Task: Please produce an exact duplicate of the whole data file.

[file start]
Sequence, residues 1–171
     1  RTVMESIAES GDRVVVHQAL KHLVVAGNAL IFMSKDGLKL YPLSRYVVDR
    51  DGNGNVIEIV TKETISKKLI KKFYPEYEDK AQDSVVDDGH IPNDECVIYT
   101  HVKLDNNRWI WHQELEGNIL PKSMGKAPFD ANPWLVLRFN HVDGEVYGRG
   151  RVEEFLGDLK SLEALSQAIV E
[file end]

Sequence, residues 1–171
     1  RTVMESIAES GDRVVVHQAL KHLVVAGNAL IFMSKDGLKL YPLSRYVVDR
    51  DGNGNVIEIV TKETISKKLI KKFYPEYEDK AQDSVVDDGH IPNDECVIYT
   101  HVKLDNNRWI WHQELEGNIL PKSMGKAPFD ANPWLVLRFN HVDGEVYGRG
   151  RVEEFLGDLK SLEALSQAIV E